Andy is a Great Brit even in defeat, but where are the others?

There are few sport that, over the years, £ for £ and player for player, have received more grants, bursaries and donations – official (from governmental-supported sources, like Sport England) or otherwise (private benefactors) – than tennis.

Yet Britain still hasn’t produced a Wimbledon’s men’s singles champion since 1938, Andy Murray being the latest Great Might Hope to see his and the nation’s dreams dashed on the hallowed lawns of SW19.

Following the shock defeats of Djokovic and Nadal and against an allegedly ageing Roger Federer – 30 being the tennis equivalent of a biblical three-score-and-ten for mere mortals – Murray was well hyped to become the first home-grown player to succeed Fred Perry.

At least the braveheart Scot – if he’d actually beaten Federer, the English would have elevated Andy to the status of British – had the grit and gumption to win the first set, could have won the second, before being steamrolled to oblivion by the elegant, artful and erudite Swiss warrior.

The natural order was restored, despite Federer’s unaccustomed litany of unforced errors – well into double figures for a player normally so reliable in his choice and execution of shots, you can count his miss-hits throughout a match on one hand.

BEATEN NOT BOWED: Murray leaves Wimbledon with a horde of new fans

Yet, there was one aspect of Murray’s appearance in Sunday’s final that was a winner: his tearful, lump-in-the-throat valediction at the end that produced a groundswell of appreciation around Centre Court and many a weeping eye in the massive tele-audience.

In that brief, plaintive speech he displayed raw emotions many doubted he possessed – genuine sadness replacing the dour, at times scowling countenance that has become his default expression, regret writ large on his face and in his quivering voice that he couldn’t reshape history.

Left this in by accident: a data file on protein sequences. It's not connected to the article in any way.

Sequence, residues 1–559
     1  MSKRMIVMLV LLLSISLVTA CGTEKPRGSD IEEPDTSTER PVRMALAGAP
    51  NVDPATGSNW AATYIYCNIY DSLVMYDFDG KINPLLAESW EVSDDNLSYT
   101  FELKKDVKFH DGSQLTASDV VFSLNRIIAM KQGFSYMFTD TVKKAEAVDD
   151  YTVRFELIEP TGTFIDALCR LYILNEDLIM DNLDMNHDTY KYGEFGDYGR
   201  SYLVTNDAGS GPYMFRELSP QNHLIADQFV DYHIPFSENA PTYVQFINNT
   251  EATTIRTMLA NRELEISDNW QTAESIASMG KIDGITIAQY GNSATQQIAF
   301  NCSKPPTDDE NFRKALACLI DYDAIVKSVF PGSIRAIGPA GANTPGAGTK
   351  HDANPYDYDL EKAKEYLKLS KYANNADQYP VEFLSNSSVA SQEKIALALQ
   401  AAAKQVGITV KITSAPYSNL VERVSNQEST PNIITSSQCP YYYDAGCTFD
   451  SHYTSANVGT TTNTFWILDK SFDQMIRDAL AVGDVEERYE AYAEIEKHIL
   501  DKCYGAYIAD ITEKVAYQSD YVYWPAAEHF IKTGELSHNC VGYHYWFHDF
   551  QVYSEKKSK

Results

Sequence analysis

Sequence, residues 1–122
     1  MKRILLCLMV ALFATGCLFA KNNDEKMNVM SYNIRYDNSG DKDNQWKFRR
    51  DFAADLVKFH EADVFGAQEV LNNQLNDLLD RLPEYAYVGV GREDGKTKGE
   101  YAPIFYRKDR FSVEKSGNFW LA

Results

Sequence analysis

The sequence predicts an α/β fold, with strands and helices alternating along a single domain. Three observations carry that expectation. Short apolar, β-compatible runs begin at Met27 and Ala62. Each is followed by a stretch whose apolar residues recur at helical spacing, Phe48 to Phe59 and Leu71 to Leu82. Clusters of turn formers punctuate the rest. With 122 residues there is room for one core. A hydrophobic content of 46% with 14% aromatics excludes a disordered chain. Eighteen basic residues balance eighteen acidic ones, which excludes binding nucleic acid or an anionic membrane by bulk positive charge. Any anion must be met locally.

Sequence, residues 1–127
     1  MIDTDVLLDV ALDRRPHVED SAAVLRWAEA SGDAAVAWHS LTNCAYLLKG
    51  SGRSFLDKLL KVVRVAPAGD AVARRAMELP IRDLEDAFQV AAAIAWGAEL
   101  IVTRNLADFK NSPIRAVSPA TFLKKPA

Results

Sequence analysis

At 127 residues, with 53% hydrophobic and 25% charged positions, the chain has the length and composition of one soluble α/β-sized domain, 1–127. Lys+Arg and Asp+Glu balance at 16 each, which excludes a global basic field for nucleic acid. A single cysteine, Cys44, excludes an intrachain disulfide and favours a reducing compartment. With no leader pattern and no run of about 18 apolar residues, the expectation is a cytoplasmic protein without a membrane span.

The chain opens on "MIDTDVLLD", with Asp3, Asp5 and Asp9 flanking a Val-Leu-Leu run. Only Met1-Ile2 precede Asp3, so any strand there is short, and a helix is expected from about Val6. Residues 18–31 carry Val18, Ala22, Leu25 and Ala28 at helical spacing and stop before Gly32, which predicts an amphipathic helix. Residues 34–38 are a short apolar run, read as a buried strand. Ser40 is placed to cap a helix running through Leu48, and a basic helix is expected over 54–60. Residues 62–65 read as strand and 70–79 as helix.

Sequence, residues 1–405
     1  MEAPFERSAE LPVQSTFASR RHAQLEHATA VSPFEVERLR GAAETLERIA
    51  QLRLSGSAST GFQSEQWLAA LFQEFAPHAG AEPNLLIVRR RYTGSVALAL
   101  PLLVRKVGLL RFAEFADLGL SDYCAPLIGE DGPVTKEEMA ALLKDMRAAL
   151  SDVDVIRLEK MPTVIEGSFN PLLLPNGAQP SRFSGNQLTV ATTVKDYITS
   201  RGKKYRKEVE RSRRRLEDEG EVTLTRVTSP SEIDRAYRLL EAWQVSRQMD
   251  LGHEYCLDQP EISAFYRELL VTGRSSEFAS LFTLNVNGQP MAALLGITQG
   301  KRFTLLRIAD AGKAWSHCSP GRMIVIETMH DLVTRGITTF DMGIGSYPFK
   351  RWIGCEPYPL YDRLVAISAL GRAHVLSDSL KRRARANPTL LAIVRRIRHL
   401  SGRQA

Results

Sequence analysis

It caused the Duchess of Cambridge to bite her bottom lip, her sister, Pippa – she of shapely posterior fame – to dab her eyes and even Victoria Beckham looked glummer than normal.

Though it fell short of Federer’s steel and panache, Murray’s tenacity and talent elevated him to a pantheon above all the other British nearly-was brigade of losers – e.g. the nice, but serial flop, Tim Henman, John Lloyd (who at least won three, mixed-doubles Grand Slams), way back to Roger Taylor (thrice a Wimbledon semi-finalist) and even Mike Sangster (a one-time Wimbledon semis loser).

And, apart from pocketing the £half-million runner-up’s purse, Murray won over many new hearts, who previously had admired the tennis player but disliked the apparent grouchiness of the man.

So far as British tennis is concerned, though – apart from a promising crop of teenage girls – it has much to answer for, the main question being: why, after so much investment in the game, have we only one male singles player good enough to grace a Wimbledon final?

2 thoughts on “Andy is a Great Brit even in defeat, but where are the others?

  1. David Hammond says:

    Perhaps the solution is to send our hordes of hopeful youngster to train in Spain. Alternatively, our coaches could arrange to borrow whatever manual the Spanish are presently using in order to understand how to create winners.

  2. Chris Ross says:

    Nice post. I think American tennis is asking that same question now. But it sucks for Great Britain that they still haven’t got a Wimbledon champion but Andy Murray doesn’t appear as though he’ll ever get one. He doesn’t have that extra gear like the other big 3 (Fed, Nadal, Djokovic) have shown that they have. When Federer stepped up his game in the final, Murray stayed the same, which wasn’t enough. And when Murray gets down on himself, it’s almost like game over. Body language was brutal yesterday. Heartfelt speech from Murray but you know he’s feeling the pressure and that has to be tough for him. Can’t say why GB hasn’t produced any other talent but it will come…eventually. Also, you think you could take a look at my blog post because I really would love to know what you have to say

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